After hitting a roadblock at the Planning Commission level, a sober-living operator is turning to the Costa Mesa City Council in its quest for the permits necessary to keep three of its facilities open.
SoCal Recovery is asking the council to approve permits for its sober-living homes serving up to six men each at 783 Hudson Ave. and 208 Cecil Place and for another facility with as many as 32 residents in six units at 175 E. 21st St.
Such permits are required under city ordinances adopted in 2014 and 2015. Costa Mesa also requires sober-living homes — which typically house adults recovering from alcohol and drug addiction — to be at least 650 feet from one another and from other group homes or licensed alcohol- and drug-treatment facilities in residential areas.
That’s the rub for each of the facilities up for review during Tuesday’s council meeting. All three run afoul of the distance requirement, according to city staff.
During a Planning Commission hearing on the permit applications in October, representatives of SoCal Recovery objected to the way Costa Mesa applies the 650-foot rule.
They said the requirement should be based on walking distance, rather than a bird’s-eye measurement. Using that alternate method, they added, would resolve the distance issues identified by staff.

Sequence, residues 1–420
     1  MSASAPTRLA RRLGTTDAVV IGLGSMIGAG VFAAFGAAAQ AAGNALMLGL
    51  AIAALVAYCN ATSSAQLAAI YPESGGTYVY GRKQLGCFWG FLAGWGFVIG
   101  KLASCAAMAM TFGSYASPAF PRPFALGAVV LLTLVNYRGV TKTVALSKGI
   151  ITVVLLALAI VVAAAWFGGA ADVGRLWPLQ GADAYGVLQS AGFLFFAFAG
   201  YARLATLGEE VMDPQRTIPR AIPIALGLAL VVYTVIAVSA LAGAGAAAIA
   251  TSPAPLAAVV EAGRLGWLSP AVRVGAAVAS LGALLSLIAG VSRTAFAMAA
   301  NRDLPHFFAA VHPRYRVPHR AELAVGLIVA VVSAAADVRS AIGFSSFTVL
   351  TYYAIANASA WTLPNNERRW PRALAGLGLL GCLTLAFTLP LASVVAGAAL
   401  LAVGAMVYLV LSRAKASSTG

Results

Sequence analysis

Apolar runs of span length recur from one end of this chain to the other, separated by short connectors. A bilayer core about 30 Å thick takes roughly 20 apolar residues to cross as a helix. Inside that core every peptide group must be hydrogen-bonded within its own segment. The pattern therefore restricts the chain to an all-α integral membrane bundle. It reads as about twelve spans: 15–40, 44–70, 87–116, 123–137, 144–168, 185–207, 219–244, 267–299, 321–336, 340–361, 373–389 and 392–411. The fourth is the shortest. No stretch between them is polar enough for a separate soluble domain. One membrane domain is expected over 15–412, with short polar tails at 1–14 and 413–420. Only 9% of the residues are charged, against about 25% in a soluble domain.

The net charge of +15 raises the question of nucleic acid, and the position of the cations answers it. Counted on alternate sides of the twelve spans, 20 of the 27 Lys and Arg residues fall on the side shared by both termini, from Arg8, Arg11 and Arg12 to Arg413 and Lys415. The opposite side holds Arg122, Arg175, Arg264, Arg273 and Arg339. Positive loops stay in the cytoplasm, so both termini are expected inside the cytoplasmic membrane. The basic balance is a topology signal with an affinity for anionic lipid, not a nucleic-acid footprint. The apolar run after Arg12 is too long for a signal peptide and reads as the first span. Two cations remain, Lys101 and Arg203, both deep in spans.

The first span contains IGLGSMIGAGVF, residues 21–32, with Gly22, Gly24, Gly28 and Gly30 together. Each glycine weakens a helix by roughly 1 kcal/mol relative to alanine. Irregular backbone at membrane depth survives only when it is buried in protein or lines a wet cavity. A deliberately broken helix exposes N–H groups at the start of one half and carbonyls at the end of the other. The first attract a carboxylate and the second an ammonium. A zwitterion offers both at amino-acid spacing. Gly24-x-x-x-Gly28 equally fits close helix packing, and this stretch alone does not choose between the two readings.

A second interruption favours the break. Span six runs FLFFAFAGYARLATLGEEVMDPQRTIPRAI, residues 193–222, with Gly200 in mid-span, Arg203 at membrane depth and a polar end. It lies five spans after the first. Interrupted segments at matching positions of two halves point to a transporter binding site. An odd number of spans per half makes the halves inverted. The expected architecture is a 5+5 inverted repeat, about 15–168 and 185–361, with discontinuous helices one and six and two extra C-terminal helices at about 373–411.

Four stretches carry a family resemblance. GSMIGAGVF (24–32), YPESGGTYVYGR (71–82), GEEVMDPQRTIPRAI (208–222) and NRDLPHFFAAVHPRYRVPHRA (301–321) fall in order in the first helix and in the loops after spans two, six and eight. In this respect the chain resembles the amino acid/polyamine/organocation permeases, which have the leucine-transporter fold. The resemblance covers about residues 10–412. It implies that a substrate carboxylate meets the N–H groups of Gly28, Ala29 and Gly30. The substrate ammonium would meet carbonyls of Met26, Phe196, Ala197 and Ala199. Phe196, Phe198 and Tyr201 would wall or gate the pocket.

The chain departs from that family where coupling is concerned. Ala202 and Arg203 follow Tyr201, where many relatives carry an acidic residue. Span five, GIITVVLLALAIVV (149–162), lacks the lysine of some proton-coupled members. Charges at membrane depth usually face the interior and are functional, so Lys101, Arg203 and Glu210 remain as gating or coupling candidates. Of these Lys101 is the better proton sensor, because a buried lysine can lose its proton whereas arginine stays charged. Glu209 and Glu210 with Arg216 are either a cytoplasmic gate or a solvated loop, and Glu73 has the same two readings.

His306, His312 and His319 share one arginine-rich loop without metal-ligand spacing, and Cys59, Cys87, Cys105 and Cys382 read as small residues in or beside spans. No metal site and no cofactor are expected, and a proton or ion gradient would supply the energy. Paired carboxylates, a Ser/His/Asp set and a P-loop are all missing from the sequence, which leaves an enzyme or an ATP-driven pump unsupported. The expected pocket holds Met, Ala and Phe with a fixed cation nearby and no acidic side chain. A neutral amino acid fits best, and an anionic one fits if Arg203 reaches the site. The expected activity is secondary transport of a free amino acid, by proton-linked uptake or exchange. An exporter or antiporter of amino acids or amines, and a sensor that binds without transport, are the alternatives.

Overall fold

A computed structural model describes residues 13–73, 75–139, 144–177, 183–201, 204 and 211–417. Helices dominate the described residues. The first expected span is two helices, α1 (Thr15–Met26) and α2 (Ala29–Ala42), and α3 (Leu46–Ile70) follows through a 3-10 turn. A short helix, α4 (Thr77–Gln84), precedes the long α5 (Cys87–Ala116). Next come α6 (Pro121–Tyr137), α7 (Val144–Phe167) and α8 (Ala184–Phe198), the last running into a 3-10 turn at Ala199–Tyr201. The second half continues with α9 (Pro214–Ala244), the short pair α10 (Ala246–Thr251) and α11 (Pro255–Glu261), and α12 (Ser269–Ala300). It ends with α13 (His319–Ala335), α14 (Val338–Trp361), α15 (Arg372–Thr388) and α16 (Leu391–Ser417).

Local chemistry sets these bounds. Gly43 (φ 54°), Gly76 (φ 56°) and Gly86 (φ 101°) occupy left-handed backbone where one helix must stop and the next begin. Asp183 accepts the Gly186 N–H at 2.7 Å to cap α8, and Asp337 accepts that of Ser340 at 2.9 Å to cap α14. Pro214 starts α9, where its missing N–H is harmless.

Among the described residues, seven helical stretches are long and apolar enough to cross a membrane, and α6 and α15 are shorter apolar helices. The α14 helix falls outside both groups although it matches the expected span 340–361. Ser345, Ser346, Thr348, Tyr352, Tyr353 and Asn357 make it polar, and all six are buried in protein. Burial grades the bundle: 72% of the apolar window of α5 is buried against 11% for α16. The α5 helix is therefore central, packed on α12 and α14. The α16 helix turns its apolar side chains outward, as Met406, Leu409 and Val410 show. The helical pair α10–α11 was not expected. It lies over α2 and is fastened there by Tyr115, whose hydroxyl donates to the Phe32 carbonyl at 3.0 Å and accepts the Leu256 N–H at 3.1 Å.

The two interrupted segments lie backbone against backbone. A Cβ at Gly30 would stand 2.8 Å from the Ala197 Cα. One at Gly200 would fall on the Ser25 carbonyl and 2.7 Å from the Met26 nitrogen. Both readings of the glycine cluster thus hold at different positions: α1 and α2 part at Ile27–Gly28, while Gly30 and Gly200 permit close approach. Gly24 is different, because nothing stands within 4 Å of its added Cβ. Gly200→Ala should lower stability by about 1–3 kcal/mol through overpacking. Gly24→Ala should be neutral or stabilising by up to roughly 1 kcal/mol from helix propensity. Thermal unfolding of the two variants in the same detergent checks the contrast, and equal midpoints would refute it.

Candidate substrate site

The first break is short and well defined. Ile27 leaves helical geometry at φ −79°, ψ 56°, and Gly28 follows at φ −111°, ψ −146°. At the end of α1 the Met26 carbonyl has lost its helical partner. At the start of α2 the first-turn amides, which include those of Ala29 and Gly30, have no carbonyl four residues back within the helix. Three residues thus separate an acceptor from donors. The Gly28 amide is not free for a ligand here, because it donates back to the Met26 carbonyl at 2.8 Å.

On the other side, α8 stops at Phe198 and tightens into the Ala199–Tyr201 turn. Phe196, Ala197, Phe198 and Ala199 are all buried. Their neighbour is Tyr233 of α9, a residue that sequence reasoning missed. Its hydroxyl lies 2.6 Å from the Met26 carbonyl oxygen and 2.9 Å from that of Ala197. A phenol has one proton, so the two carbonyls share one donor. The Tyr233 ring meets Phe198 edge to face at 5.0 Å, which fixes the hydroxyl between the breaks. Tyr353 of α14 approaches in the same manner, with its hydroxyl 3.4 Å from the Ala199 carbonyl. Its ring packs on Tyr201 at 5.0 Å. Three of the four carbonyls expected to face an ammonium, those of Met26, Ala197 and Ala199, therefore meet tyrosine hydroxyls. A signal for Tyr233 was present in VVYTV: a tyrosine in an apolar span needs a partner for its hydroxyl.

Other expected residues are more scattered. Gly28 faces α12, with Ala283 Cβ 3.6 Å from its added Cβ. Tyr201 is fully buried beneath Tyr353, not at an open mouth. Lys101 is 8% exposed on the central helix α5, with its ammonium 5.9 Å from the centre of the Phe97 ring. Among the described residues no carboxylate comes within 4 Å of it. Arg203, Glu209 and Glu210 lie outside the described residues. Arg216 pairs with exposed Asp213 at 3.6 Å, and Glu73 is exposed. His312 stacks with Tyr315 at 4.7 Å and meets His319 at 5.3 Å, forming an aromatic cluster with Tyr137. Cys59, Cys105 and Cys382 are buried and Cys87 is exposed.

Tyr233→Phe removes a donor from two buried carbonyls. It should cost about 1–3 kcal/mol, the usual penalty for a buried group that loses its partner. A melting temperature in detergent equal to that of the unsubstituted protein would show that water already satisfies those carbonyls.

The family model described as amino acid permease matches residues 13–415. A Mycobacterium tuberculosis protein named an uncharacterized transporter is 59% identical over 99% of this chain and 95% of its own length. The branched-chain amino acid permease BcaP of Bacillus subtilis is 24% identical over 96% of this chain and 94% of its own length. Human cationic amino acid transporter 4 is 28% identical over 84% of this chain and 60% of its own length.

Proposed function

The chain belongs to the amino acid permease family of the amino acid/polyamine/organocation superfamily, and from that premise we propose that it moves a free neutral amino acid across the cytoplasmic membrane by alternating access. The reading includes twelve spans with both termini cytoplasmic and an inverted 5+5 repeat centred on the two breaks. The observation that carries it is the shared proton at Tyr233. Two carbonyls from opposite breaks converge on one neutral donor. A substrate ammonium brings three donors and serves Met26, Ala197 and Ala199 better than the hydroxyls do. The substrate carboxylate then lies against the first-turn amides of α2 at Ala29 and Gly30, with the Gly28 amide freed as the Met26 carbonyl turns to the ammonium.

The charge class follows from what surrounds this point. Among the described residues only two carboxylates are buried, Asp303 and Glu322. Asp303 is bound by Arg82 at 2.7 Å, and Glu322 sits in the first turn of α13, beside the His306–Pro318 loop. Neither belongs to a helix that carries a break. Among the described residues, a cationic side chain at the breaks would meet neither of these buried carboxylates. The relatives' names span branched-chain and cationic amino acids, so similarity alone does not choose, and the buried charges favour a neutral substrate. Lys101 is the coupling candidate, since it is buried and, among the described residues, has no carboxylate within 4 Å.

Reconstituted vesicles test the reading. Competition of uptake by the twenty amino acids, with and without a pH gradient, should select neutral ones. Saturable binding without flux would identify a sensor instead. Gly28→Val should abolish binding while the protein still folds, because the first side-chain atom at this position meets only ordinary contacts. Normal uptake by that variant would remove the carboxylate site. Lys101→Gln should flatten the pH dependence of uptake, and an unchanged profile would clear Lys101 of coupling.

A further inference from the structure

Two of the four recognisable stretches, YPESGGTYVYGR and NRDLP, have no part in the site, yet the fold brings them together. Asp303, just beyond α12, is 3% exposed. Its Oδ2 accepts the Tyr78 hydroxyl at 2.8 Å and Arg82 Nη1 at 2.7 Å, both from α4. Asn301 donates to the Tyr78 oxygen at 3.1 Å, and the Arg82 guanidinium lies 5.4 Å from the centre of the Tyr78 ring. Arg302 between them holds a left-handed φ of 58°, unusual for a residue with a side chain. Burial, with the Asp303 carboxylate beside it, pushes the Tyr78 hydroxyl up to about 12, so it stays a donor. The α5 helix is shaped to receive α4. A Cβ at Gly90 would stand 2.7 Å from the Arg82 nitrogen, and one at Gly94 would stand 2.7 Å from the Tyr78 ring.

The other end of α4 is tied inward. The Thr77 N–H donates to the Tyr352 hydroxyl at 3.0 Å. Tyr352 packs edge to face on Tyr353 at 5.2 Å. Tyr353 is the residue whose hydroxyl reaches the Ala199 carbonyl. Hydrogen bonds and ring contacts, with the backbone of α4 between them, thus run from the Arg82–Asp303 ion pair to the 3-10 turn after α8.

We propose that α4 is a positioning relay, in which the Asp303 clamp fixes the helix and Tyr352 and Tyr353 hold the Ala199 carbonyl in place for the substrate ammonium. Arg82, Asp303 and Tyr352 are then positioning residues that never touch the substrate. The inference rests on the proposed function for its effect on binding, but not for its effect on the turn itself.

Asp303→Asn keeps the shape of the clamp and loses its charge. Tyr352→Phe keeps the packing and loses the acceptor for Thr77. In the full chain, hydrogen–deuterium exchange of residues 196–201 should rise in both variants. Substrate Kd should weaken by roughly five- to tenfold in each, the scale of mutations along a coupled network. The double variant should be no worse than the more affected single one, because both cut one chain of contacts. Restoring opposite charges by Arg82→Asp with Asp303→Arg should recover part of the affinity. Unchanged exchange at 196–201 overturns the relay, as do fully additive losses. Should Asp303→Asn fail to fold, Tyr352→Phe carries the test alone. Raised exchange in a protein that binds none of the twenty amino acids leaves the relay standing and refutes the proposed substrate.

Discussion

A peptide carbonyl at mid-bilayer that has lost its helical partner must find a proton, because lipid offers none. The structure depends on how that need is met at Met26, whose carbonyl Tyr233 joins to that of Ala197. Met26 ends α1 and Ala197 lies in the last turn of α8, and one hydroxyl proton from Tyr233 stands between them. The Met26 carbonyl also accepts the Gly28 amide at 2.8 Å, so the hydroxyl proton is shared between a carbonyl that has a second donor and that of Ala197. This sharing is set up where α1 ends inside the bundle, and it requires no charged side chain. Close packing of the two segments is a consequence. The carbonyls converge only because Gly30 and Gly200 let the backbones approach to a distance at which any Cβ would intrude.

That argument didn’t fly with the commission, which denied all three permits. City staff is recommending the council do likewise.
In his appeals to the council, Kenneth Norwood of SoCal Recovery characterized the city’s distance requirement for sober-living homes as arbitrary and restrictive and alleged it violates the federal Fair Housing Act.
City officials, however, have said the rule is meant to keep such facilities from congregating too close together in local neighborhoods.
As the number of sober-living homes in Costa Mesa has gone up in recent years, residents have increasingly complained that the facilities create problems with noise, litter, crime, secondhand cigarette smoke and other quality-of-life issues.
Operators and supporters, however, say the homes provide a much-needed service for recovering addicts and strive to be good neighbors.
Tuesday’s council meeting starts at 6 p.m. in City Hall, 77 Fair Drive.
The agenda also includes several items held over from earlier council meetings:
- A discussion about noise issues stemming from John Wayne and Long Beach airports.
- A proposed partnership with the Costa Mesa Sanitary District for a pilot program to provide mobile restrooms to serve the local homeless population.
- A discussion of whether the city should resume recording and broadcasting council candidate forums.